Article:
Today, an interesting column was published suggesting that, if the Republicans don’t beat Hillary, they should just disband the party.
I think this makes some sense. We have an attractive group of candidates and some valid issues, including the economy and foreign policy. She is a terrible candidate.
Add this to the mounting scandals, polls showing a lack of trust for her, the historical difficulty of political parties winning three presidential elections in a row, and the deep bench of fresh-faced Republican options, and the GOP should be in prime position to win the next election.
But the next election will test whether demographic headwinds are too much for Republicans to overcome.
Maybe the country is just not serious about issues anymore.
She brought up Republican skepticism on climate change and opposition to abortion, saying “they shame and blame women rather than respect our right to make our own reproductive health decisions.”
She blasted Republicans for supporting policies that would increase deportation of immigrants and for “turn[ing] their backs on gay people who love each other.” She lashed out at Republican support for voter ID laws. “I’ll fight back against Republican efforts to disempower and disenfranchise young people, poor people, people with disabilities and people of color,” she said. And she argued that, “Fundamentally, [Republicans] reject what it takes to build an inclusive economy. It takes an inclusive society.”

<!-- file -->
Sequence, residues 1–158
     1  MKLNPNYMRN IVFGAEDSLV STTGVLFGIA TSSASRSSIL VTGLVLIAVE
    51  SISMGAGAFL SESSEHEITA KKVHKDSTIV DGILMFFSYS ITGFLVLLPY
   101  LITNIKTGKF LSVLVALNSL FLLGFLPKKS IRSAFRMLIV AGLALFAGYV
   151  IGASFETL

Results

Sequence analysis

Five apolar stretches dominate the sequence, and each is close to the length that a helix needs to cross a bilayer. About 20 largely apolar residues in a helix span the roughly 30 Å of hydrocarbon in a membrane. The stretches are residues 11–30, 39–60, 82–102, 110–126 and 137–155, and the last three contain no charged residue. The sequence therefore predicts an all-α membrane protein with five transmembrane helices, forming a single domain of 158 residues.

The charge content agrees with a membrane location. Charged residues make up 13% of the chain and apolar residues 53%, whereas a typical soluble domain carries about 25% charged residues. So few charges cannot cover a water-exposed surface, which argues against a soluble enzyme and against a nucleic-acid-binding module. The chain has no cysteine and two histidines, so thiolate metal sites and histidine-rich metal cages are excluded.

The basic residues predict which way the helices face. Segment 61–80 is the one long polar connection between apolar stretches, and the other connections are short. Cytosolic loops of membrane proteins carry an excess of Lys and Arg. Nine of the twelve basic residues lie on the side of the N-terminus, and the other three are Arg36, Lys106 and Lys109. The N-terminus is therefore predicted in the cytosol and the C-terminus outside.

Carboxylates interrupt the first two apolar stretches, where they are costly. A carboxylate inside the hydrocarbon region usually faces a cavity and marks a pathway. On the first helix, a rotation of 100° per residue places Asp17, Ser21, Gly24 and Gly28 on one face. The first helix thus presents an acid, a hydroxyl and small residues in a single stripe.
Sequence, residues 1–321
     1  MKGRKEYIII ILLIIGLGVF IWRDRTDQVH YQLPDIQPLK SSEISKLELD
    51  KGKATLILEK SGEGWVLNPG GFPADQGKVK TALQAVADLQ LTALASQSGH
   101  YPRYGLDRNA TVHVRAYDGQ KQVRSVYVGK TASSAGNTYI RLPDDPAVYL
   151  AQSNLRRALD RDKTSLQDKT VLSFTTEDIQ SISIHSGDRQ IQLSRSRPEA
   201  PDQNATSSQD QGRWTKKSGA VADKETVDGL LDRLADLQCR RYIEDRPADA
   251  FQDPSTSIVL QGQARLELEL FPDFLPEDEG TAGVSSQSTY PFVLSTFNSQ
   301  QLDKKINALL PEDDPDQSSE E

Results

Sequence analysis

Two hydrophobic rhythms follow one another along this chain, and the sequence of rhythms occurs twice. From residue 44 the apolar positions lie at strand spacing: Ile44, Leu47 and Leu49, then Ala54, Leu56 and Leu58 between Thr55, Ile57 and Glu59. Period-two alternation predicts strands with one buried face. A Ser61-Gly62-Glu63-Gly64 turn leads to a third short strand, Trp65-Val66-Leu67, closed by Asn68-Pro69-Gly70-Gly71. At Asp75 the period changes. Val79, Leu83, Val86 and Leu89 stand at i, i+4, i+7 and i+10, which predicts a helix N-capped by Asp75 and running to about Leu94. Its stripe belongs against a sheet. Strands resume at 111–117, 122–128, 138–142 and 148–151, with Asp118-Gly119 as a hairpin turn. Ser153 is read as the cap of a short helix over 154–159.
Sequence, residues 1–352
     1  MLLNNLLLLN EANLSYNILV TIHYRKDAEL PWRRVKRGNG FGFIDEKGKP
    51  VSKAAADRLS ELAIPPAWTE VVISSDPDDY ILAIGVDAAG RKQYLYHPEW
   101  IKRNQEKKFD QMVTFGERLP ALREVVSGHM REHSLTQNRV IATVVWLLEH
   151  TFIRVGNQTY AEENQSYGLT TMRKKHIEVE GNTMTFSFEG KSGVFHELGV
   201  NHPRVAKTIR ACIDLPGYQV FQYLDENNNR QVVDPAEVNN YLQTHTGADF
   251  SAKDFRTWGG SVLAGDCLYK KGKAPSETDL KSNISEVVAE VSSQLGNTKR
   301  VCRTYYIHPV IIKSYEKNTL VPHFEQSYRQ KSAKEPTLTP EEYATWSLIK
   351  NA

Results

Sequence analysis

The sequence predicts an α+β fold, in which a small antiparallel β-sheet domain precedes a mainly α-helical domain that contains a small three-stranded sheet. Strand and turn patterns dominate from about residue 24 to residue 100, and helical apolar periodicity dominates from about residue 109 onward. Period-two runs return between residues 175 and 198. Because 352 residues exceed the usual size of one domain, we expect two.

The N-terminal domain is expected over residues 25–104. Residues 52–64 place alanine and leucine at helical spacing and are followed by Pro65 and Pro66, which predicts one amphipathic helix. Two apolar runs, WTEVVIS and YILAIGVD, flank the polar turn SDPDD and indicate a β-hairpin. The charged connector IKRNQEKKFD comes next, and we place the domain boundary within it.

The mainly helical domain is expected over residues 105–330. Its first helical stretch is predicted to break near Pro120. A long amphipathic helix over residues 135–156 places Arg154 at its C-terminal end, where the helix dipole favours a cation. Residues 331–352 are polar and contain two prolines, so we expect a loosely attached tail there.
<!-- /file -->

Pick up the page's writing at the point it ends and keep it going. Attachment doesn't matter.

Some of us read history and can recall that the Whig Party dissolved over the issue of slavery. The history of the Whig Party was of a party devoted to economic progress. It was also a party of opposition. Lincoln, when a Whig, opposed the Mexican War at some cost to himself.
The work of the Whigs was, as (James G.) Blaine admitted, negative and restraining rather than constructive. Still, “if their work cannot be traced in the National statute books as prominently as that of their opponents, they will be credited by the discriminating reader of our political annals as the English of to-day credit Charles James Fox and his Whig associates—for the many evils they prevented.” If that is true, then we have not had very much in the way of “impartial” histories of American politics since Blaine’s day.
Also true. Particularly Coolidge and Harding were slandered by the Progressives of the New Deal and its apologists.
Part of the success of Schlesinger’s casting of antebellum America as Jacksonian lay in Schlesinger’s identification of Andrew Jackson and Jackson’s Democratic party with Franklin Delano Roosevelt and the New Deal. To this day, one comes away from The Age of Jackson with the clear sense that Jackson and the Jacksonians embodied democracy and championed the interests of the “common man,” while the Whigs were the voice of selfish elite interests, and looked like nothing so much as forecasts of Herbert Hoover and Robert Taft.
The Republicans have had hardly better treatment by the news media of today than the Whigs by the Progressives.
[T]he question arose whether the Whig complaint against Jacksonian Democracy might have had more substance to it than it had seemed.